The Trunch Wassail Song Here we come a wassailing all among the leaves That isn't very easy when they're still all on the trees Wassail, wassail, we'll tell you wassail It comes in bottles brown and pale Comes in bottles, so bring some here And we'll have a happy new year Lets us now be thankful that the old year had departed But there's no time for feast before another one has started Chorus Now the year has past away, past away your sins There's lots of lovely new ones as the year begins Chorus Pouring cider on the apple trees seems rather wrong We'll drink it first and then we'll water the trees before too long Chorus Bring food from off your table and beer from out o' your barrel For If you don't we'll stop and sing another ancient carol ---------------------------------------------------------------- Written by Sid and Henry Kipper, copyright 1985 Dambuster Re cords. Recored on "The Ever Decreasing Circle." Winter was a time for retreating indoors and drawing in the horns. It was a time, as Henry recalls, of gathering round the fire, or even round the piano, which made a bigger, more cheery blaze, for a singling session. Many of the old carols of the region are sadly lost, only fragments remaining of such songs as "Oh Little Town of Gimimgham' and Good King Wenceslas - Look Out!," but fortunately we have in its entirety the poignant 'Trunch Wassail Song.' The custom was for the wassailers to visit each house in the parish, where they would sing this old carol, and demand in return a sum of money, which was suppose to ensure good luck, it was certainly unlucky not to pay, for then the carolers would simply sing again. The song is surely very ancient. Sid claims that it goes back to Roman times, thought this is doubtful since Roman times would have expressed in Roman numerals. The custom was more recently associated with the Hunting of the Renoir, this being a painting which mysteriously disappeared from the Great Hall one New Year during a particularly riotous game of pin-the-tail-on- the-dicky. George Kipper knowingly asserts that the search is a waste of time. DC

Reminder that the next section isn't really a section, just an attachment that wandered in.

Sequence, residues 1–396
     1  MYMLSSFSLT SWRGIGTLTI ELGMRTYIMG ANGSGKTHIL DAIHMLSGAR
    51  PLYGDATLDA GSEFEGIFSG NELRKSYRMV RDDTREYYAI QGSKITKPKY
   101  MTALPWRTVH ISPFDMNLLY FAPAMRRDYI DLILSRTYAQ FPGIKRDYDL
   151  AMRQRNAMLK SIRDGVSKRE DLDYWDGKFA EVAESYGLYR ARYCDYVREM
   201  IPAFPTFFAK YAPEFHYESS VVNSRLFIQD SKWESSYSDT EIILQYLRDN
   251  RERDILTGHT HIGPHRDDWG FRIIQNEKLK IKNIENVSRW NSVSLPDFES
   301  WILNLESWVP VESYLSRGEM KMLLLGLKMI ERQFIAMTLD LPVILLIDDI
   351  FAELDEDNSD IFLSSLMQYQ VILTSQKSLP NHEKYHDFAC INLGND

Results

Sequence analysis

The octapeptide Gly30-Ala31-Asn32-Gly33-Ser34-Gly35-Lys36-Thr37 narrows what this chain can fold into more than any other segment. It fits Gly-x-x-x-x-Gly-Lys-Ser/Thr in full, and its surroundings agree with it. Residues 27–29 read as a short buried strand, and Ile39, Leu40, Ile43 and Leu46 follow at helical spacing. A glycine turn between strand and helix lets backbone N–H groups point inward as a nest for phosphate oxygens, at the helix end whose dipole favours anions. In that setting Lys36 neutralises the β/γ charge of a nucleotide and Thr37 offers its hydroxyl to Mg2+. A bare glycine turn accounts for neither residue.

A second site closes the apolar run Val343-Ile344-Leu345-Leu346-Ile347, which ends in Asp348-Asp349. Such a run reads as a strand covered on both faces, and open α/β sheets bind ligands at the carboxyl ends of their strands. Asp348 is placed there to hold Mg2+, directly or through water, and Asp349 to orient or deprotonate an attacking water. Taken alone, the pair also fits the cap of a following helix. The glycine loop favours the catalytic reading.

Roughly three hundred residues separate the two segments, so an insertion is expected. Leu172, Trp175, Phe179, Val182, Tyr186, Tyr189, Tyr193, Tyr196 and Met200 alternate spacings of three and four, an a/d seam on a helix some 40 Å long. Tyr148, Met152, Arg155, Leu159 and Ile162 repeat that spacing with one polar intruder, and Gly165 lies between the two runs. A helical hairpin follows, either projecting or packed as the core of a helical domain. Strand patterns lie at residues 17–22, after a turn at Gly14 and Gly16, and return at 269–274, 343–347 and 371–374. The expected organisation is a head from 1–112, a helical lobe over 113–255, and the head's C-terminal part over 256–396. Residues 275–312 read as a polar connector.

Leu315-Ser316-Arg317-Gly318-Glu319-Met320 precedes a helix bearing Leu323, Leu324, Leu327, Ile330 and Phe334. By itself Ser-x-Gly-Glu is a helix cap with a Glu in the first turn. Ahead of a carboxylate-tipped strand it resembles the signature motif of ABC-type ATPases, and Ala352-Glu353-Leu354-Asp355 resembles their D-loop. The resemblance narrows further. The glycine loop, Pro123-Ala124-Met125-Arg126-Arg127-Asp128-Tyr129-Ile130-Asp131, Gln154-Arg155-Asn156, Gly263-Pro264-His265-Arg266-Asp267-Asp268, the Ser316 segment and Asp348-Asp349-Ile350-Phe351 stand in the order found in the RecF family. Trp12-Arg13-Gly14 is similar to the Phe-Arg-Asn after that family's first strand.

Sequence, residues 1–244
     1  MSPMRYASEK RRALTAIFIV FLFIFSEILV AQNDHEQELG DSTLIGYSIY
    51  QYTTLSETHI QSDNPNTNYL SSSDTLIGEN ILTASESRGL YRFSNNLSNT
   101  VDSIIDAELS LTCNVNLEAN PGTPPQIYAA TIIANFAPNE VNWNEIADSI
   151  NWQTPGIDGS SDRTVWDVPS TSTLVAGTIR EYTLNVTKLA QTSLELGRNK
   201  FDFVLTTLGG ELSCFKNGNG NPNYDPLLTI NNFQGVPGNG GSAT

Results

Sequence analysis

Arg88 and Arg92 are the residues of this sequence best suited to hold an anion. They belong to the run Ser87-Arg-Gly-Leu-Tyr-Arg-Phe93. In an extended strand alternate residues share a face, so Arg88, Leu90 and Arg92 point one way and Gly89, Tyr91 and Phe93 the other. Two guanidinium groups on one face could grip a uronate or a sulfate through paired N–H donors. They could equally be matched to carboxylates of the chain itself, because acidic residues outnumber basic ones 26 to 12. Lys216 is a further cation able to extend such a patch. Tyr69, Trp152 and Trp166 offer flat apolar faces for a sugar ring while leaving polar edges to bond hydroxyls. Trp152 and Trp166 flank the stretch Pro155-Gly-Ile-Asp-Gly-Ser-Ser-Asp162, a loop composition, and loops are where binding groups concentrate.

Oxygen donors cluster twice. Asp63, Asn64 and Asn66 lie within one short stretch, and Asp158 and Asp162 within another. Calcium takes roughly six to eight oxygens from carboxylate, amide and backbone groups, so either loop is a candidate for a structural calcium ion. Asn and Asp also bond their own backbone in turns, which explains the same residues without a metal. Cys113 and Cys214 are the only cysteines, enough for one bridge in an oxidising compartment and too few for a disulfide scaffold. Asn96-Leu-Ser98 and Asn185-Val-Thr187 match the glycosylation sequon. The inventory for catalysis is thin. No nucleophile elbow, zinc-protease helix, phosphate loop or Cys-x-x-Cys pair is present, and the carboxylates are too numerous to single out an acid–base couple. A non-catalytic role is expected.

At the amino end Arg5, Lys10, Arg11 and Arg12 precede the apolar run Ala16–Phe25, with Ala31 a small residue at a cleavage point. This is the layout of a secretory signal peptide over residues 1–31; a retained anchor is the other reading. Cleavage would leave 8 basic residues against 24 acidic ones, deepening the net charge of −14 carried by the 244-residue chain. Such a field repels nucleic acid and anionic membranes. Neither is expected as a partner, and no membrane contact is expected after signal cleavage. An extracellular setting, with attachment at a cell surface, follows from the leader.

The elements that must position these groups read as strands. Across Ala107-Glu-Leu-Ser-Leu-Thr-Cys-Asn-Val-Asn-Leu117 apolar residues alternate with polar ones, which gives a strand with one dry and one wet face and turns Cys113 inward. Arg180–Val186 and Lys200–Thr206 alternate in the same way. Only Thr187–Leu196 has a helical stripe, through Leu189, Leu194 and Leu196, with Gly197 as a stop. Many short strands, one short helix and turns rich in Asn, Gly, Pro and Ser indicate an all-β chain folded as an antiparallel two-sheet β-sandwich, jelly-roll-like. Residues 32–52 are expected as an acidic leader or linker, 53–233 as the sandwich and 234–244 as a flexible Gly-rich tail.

Thanks to Mudcat for the Digital Tradition!